Mortgage Closing Costs

This is Part 1 in a series of guest posts about Good Faith Estimates by Kyle Pugel. Kyle is a mortgage advisor at Coldwell Banker Home Loans, who promises to do whatever it takes to ensure that one of the biggest and most important purchases you’ll ever make will also be one of your easiest. His specialties include reviewing your home loan needs with you as well as suggesting the best financing options to meet those needs.

Clients usually ask two questions right off the bat when they talk to lenders: “What’s the interest rate?” followed by “How much is that going to cost me?” The first question is pretty straightforward but the second can be a bit more complicated to answer. There are several closing costs associated with financing a home and they can vary from lender to lender.

Within three days of completing of a loan application, lenders are required to provide a Good Faith Estimate (GFE) to prospective borrowers. This is a standardized form used by lenders to help borrowers determine the costs they’ll have to pay at Close of Escrow as a result of obtaining a mortgage loan.

The GFE has all of those costs broken down into three categories.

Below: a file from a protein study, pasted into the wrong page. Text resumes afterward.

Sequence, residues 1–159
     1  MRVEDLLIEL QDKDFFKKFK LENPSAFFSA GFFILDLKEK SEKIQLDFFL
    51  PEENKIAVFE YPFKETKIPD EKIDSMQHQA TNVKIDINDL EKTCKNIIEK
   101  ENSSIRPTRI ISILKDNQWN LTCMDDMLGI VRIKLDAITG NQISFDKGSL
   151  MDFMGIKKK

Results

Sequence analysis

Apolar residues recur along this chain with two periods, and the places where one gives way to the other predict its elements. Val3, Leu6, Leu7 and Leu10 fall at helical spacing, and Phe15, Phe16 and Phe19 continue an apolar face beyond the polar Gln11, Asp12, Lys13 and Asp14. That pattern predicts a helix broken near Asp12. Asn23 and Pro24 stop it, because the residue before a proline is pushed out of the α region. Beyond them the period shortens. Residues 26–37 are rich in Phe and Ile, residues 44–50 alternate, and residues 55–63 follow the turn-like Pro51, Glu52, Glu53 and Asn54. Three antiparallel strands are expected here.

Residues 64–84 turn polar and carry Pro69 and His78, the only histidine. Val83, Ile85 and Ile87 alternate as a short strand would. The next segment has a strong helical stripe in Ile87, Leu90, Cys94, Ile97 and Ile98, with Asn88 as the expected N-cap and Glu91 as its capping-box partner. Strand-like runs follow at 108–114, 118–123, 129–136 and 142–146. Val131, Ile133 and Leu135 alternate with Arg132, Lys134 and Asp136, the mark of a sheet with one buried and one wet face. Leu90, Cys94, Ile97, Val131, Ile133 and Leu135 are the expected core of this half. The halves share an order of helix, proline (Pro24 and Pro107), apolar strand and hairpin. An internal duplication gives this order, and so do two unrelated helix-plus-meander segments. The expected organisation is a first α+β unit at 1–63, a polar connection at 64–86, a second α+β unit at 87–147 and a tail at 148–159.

Good Faith Estimate

1. Charges that cannot increase (e.g., loan origination charges, points paid for a specific interest rate, adjusted origination charges, and transfer taxes)

2. Charges that can increase up to 10% (e.g., required services selected by the lender, title insurance and services, and government recording charges)

3. Charges that can change (e.g., required services that clients can shop for, such as homeowner’s insurance, and daily interest charges)

If you add all of these charges together with your down payment, you’ll have the most accurate estimate of “how much this is going to cost” you at Close of Escrow.

Please check back here for future installments of this series, during which we’ll discuss the three categories of the Good Faith Estimate in greater detail and how much you should expect most of the charges from those categories to cost.

“The Importance of a Good Faith Estimate” is an ongoing series of articles, so if you’d like to read on, click over to “The Importance of a Good Faith Estimate – Part 2.”

Image Credit: Bill David Brooks on Flickr. CC Licensed.